The COVID-19 pandemic has significantly impacted pediatric research globally. The inequity has been more striking for research dealing with vulnerable members of society, especially for children. Research funding has also been diverted to research involving adults who are disproportionately more seriously affected by SARS-CoV2. Children’s health and well-being has been affected with loss of education, decreased physical activity, food insecurity, less well-child screening, increased mental health issues, and routine vaccination delays.1 All of these have significantly affected minority and low-income children more than others.2 However, during the pandemic there has been an exponential increase in the development and implementation of new technologies to improve communication and develop new clinical trials methodology. Scientific advances in the field of sepsis and immunology will also have direct benefits for children. Families and children have also had increased exposure to health care and scientific information potentially improving their medical literacy.3,4

Children and families

The COVID-19 pandemic has been a time of unprecedented stress for families especially with children with medical vulnerabilities. Although children appear to be mildly affected there is a small but significant number of children with serious issues such as the multisystem inflammatory syndrome (MISC) and long COVID.5 In addition, there have been reports of pregnancy loss and issues related to placental inflammation.6,7,8 Children, who are vulnerable members of our society, have suffered disproportionately during the pandemic from social isolation and discontinuation of routine recreation.

There has been major increase in research activity aiming to understand the immense changes to society, families, and healthcare. There is a risk that children would not be included in ongoing research due to their lower susceptibility to SARS-CoV2. Therefore, involving families and children in research is increasingly crucial. The RECOVERY (Randomised Evaluation of COVID-19 Therapy) trial in the UK involved all age-groups and used innovative methods to ensure rapid recruitment and results with 1000 patients recruited by day 16 of the study.9,10 Van Driest et al. discussed techniques to improve engagement with families. Curtailed visiting and outpatient attendance by both parents has been very stressful for parents and impairs practitioner engagement with parents. However other benefits such as improved remote communication have been enhanced and have improved the ability to sustain more regular remote contact with the family. In addition, enhanced remote communications have broadened the reach of research projects which had previously been limited by geography. Other resources for research such as surveys and developmental checks have been improved. Van Driest et al.11 noted a significant reduction in the consent rate for an observational research study in the early months of the COVID-19 pandemic and during implementation of a one-parent/visitor policy in our children’s hospital especially for neonates and infants. The authors postulated that the increased stress of the pandemic may be responsible for this finding. However, as some parents cited a desire to discuss participation with the other parent prior to consenting, this may suggest that the policy is responsible in some way for the decrease in recruitment. Newer methods for research studies including direct-to-family study design, in which recruitment, intervention, and data collection all occur remotely (e.g., in participants’ homes),12 require additional technology.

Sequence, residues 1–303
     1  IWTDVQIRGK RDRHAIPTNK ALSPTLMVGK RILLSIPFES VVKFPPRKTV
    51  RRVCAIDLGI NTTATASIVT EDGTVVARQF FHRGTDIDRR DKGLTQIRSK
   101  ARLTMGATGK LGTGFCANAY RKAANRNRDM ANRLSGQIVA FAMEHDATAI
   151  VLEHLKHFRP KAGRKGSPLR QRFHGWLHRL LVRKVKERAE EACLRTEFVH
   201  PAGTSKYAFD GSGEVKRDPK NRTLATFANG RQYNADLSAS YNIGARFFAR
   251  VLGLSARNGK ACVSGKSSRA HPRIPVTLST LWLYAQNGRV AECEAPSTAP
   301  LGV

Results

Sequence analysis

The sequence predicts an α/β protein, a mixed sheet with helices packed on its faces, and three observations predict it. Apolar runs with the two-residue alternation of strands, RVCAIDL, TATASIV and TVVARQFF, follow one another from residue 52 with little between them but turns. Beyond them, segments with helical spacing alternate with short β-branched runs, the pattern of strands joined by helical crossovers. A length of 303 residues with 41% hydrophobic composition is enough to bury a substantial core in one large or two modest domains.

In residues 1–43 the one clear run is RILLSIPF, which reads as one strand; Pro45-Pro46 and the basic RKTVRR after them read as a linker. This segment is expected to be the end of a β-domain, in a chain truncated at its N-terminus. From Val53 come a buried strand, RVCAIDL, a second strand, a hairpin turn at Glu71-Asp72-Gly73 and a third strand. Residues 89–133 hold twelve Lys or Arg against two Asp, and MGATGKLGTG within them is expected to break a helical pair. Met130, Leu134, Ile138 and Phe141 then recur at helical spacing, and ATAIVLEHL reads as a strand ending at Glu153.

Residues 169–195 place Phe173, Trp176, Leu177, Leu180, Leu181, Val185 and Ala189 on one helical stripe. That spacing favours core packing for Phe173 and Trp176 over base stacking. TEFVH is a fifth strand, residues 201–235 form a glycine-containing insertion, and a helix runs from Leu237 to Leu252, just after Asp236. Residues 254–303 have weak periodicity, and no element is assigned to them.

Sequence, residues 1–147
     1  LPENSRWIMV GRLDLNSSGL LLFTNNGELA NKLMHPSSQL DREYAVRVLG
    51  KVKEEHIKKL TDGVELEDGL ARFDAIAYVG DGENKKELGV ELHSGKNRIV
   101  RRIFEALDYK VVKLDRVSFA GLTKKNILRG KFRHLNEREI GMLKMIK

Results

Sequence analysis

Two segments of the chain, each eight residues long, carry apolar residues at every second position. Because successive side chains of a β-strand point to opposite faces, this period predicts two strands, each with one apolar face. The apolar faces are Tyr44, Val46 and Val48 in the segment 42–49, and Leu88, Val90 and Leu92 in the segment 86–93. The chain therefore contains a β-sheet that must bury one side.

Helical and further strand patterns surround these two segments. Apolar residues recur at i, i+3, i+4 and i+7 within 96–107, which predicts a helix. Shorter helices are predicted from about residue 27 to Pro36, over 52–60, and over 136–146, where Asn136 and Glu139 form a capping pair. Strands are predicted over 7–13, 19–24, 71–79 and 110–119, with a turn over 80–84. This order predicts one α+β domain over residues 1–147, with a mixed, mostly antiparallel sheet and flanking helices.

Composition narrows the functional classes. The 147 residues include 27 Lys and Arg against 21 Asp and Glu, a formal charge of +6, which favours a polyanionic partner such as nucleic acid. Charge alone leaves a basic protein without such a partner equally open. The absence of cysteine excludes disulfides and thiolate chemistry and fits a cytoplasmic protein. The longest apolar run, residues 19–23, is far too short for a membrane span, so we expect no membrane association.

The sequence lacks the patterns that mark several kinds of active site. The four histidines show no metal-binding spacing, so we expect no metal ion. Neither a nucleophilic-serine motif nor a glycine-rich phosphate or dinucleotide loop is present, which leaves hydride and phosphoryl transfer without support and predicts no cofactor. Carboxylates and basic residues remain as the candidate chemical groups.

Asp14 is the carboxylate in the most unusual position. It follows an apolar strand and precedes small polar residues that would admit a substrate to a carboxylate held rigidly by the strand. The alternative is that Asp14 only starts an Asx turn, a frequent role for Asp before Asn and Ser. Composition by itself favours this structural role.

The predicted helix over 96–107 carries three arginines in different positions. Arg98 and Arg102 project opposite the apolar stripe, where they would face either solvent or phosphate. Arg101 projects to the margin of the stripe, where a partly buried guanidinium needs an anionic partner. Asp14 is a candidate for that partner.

Social determinants of health and COVID-19

Sir Michael Marmot developed the concept of the Social Determinants of Health (SDH) finding that health outcomes are determined by “the conditions in which people are born, grow, live, work and age”.13 The importance of SDH has been particularly stark during the pandemic as those who suffer inequality or are socioeconomically disadvantaged have been disproportionately affected. Rates of infection are four to five times higher in people of Native American, Hispanic, or Black American origin with similar patterns in the UK. Although the causes for this disparity is not known, there is a higher prevalence of risk factors such as obesity, diabetes, and hypertension in these communities putting them at higher risk for infection.13